[curves] Curve19119: A legacy-level little brother of Curve25519

Taylor R Campbell campbell+moderncrypto-curves at mumble.net
Thu Jul 27 11:39:15 PDT 2017

> Date: Thu, 27 Jul 2017 18:27:31 +0200
> From: Björn Haase <bjoern.m.haase at web.de>
> Folks interested in a legacy-level high-efficiency curve targeting the 
> ~94 bit security level might like to have a look at Curve19119 and it's 
> associated DH protocol X19119.

Neat.  The danger of a 94-bit security level for a discrete log system
like this, of course, is that it takes only a single offline 2^94-cost
precomputation for an attacker to quickly compute any discrete logs in
the system.

While 2^94 is probably outside the range of feasibility today, it's
not unimaginably far away.  For comaparison, the Bitcoin hash rate,
according to blockchain.info, is ~6e18 ~= 2^62 H/s ~= 2^87 H/year, and
up by 5x from a year ago.  That's cost in SHA-256 evaluations, not in
Curve19119 additions, so maybe off by another few bits, etc.

>                                Curve19119 and X19119 originally have 
> been developed for use with our variant of the PAKE protocol PACE. We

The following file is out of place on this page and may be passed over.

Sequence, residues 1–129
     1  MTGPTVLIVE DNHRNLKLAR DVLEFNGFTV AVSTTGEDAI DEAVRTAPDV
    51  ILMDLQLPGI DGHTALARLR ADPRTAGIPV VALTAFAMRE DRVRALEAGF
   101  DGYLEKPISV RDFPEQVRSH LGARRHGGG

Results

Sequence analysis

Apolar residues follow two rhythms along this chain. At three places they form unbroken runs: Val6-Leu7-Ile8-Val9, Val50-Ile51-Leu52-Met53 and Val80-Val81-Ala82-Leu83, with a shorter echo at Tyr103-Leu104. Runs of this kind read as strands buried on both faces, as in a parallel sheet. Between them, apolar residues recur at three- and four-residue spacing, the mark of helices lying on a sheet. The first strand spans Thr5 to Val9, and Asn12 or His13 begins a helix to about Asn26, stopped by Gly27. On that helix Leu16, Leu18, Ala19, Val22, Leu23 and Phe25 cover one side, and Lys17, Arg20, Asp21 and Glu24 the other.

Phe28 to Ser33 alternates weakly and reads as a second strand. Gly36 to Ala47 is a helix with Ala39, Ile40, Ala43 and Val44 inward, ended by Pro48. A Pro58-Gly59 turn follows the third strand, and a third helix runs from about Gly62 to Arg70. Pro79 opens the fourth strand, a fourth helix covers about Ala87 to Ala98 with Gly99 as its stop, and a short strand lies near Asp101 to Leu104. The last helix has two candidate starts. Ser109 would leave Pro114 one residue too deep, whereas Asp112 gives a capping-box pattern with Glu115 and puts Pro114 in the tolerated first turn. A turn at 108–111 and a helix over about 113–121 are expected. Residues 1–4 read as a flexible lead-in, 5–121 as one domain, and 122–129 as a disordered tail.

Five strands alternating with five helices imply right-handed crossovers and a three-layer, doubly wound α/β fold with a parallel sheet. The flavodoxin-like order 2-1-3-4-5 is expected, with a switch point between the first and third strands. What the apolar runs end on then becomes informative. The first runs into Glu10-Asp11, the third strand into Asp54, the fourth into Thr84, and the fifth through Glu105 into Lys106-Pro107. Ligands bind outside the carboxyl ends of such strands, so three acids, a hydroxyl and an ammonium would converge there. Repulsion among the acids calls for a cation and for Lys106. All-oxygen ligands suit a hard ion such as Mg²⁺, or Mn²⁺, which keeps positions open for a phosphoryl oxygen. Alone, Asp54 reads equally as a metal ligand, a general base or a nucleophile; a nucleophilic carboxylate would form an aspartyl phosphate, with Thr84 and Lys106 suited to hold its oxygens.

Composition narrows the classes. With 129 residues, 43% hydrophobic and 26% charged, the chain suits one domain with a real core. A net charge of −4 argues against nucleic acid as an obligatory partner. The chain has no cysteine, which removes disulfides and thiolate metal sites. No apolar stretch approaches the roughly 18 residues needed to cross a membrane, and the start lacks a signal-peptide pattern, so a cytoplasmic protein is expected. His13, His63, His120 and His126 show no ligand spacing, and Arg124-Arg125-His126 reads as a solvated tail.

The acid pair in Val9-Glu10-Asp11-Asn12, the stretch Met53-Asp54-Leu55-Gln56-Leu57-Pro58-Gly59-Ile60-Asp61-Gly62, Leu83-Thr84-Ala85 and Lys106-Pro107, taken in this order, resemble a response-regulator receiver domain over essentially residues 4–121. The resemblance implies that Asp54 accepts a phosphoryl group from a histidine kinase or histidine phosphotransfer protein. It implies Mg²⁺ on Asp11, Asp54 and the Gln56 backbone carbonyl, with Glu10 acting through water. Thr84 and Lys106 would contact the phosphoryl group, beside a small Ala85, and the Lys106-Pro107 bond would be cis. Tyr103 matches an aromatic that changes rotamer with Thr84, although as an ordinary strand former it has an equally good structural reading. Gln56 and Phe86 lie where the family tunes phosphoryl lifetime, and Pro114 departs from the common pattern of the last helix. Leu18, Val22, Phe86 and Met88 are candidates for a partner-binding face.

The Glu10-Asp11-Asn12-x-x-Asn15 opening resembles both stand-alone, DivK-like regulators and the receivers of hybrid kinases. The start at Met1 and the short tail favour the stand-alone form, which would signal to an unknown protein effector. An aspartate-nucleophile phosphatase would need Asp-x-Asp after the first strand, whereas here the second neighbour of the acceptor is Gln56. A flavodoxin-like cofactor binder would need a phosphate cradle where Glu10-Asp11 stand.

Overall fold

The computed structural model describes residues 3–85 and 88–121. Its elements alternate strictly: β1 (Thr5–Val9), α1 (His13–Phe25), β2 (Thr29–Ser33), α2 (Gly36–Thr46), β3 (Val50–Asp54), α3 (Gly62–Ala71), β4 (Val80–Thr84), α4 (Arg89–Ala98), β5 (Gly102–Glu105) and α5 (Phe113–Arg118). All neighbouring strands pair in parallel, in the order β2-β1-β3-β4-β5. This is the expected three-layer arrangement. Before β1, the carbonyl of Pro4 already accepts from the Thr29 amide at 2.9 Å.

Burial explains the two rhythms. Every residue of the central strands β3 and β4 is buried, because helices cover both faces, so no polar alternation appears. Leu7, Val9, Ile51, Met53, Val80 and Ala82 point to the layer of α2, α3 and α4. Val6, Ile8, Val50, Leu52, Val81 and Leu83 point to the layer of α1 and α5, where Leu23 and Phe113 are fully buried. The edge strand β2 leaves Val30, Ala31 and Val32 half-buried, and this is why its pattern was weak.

> developed Curve19119 in order to get better responsiveness in our PAKE 
> protocol implementation in an explosion protected setting with severe 
> power constraints. Originally we did fear that Curve25519 might be too 
> slow.
> [...]
> We observe a speedup factor of roughly 1.9 in comparison to our X25519 
> implementation on a Cortex M0+ microcontroller.

Were your fears justified about the practical impact on the
authentication delay?  Was a Curve25519-based PAKE unusably slow and
Curve19119 usably fast?  From your paper (which I may have skimmed too
fast) it looks like a Curve25519-based PAKE took 4s, but I don't see
timing for a Curve19119-based PAKE.

Can't find the citation now, but I recall coming upon a study a few
years back finding that a noticeable authentication delay actually
*raised* users' perception of security versus a negligible
authentication delay, as long as the noticeable delay wasn't too long
for the users to get antsy.  (Insert caveats about human studies by
computer security nerds, sampling biases, methodology, etc.)

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